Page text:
ILAVE, Peru — Mayor Cirilo Fernando Robles was fated to die the cold April morning he returned to this town that rises on a small plateau above Lake Titicaca, 12,621 feet up in the thin air of the Andes.
He arrived before dawn to preside over a City Council meeting. Before the sun set, he was kicked and pummeled by fellow Aymara Indians, beaten with his own belt and paraded through town in a pedal-powered tricycle taxi, bleeding and slowly dying.
In life, Robles passed out candies from his office to the town's children and took pride in seeing his name on city plaques, complete with his Peruvian university title. In his final minutes, the lynch mob forced him to climb the four steps of City Hall, where he uttered his last words and then fell, his head striking the concrete with a sickening crack.
Depending on your point of view, the mayor's killing last year was the work of a rancher who had been a rival since the two men were in college. Or of the 42 men and women formally charged with his slaying. Or of all 20,000 Aymara Indians who had marched on Ilave from surrounding villages to demand that Robles resign in the face of corruption charges.
"These things have always happened when the Aymara people are cheated, when they are betrayed," said Edgar Larijo, a community leader and one of those charged in the killing.
If he were alive today, Robles might ask the question that his widow, family and friends ask: Why are nearly all the people who had a hand in his death walking around the plazas, the streets and even City Hall as if nothing had happened?
Only one person charged remains in custody. Several others have returned to their city jobs.
Despite an outstanding warrant for his arrest, Larijo spoke about the killing from inside City Hall, within sight of a small group of the mayor's supporters and a bored employee of the National Police.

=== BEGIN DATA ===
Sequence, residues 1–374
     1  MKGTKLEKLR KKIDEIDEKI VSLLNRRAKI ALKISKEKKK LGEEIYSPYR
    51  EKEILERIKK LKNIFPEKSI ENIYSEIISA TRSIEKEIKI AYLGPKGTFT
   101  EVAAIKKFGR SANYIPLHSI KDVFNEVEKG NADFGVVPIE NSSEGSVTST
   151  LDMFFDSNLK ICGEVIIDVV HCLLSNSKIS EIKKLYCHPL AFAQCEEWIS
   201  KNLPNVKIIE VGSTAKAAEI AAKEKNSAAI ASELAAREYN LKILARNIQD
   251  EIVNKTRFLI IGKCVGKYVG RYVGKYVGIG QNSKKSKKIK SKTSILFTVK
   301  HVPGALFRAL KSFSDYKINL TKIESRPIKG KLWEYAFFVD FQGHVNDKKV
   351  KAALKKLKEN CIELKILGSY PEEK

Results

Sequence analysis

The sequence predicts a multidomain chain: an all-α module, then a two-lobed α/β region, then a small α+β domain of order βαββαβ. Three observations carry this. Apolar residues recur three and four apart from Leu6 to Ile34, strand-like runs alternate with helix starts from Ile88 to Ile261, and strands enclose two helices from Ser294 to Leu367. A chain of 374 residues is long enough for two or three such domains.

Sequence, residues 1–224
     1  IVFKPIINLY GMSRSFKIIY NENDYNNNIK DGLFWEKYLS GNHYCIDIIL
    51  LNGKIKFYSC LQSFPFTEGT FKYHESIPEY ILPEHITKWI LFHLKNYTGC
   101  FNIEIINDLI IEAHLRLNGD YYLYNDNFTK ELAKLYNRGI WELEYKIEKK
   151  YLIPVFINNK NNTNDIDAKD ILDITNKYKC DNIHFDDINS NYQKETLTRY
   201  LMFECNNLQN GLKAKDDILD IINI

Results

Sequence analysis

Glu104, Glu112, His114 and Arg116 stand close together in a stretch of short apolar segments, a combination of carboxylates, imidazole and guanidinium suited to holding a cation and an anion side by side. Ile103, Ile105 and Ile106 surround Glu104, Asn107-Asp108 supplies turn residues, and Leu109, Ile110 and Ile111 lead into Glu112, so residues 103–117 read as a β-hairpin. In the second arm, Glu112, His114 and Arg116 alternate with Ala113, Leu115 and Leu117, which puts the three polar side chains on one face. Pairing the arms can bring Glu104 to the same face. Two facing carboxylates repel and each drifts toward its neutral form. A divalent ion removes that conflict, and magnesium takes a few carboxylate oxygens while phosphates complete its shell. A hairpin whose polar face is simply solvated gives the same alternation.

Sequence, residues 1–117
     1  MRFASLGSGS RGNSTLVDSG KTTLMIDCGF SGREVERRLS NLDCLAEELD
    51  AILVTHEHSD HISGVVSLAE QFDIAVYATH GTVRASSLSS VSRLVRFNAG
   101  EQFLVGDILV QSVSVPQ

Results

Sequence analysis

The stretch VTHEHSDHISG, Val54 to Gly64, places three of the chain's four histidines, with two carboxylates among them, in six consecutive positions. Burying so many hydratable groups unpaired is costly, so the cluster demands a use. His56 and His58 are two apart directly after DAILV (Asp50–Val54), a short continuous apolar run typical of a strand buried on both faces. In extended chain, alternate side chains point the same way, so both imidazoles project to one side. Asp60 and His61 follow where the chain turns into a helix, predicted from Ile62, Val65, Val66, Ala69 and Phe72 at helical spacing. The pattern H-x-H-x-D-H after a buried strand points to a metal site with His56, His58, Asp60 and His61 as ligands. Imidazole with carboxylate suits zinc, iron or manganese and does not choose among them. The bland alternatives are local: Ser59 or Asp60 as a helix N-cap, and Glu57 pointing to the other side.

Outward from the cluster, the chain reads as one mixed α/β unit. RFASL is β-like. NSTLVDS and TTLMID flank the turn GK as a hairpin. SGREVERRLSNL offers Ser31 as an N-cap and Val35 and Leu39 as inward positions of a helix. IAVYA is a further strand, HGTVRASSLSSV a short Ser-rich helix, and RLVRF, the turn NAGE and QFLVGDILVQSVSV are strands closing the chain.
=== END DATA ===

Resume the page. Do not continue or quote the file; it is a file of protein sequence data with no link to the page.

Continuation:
Larijo's eyes were all defiance, as if his dead foe were still alive and standing before him.
"The mayor was warned by a colonel of the National Police not to come back here," he said.
Explaining why he hadn't turned himself in, the militant Aymara nationalist said, "We all know that in Peru there is no true justice, that there is justice only for the big people."
The story of the mayor's death is, in many ways, an allegory of modern Peru. Both the country and this town of 55,000 people near its southern border are unsettled places where weak government makes the rule of law a tenuous thing. A year later, it remains unclear whether the corruption allegations were true. A preliminary report by Peru's Office of the Controller General last month found that at least two of the eight charges against him had no merit, but the final report is still pending.
But here, as elsewhere in the country, the malevolent spirits of disorder and violence seem poised to spring forth from a Pandora's box of social inequality and dysfunction -- like the young masked men who climbed a roof to break into the home where Robles presided over his last City Council meeting.
Those men hunted the mayor down, breaking windows and ransacking rooms, until they finally found him hiding in a closet.
In Aymara villages, Western individualism is turned on its head: The individual serves the community. Citizenship is defined as a series of obligations, and those who don't comply lose their right to grazing lands and irrigation water. A leader who betrays the trust of his community risks collective retribution. Even in urban Aymara neighborhoods, it isn't uncommon to find the scarecrow-like figure of a local thief strung up in effigy.
"This would be homicide if there were just one or two or five people involved," said Albino Zapana Cueva, another community leader charged in the lynching. "Here, there were some 25,000 souls involved. You would have to prosecute all of Ilave."
The mayor's small band of allies believes that none of those indicted will be convicted.
An autopsy listed the cause of death as shock brought on by internal bleeding and multiple blunt-force trauma. But the countless people seen on video inflicting those injuries with their feet and fists apparently fear no retribution, legal or otherwise.
The radio DJs and community leaders who rallied the angry crowd, and the five City Council members listed as defendants in the case, all go about their business. In fact, in many ways, the late mayor's enemies are running the city.
Valentin Ramirez, a community leader and a defendant, campaigned openly for a candidate in the election to replace Robles, despite an outstanding warrant. His man, Miguel Angel Flores Chumbi, won.
"We nominated Miguel Angel, and he is the mayor now," Ramirez said from his home, referring to other Aymara leaders. "We gave the authority for the elections to go forward. Our democratic force prevailed."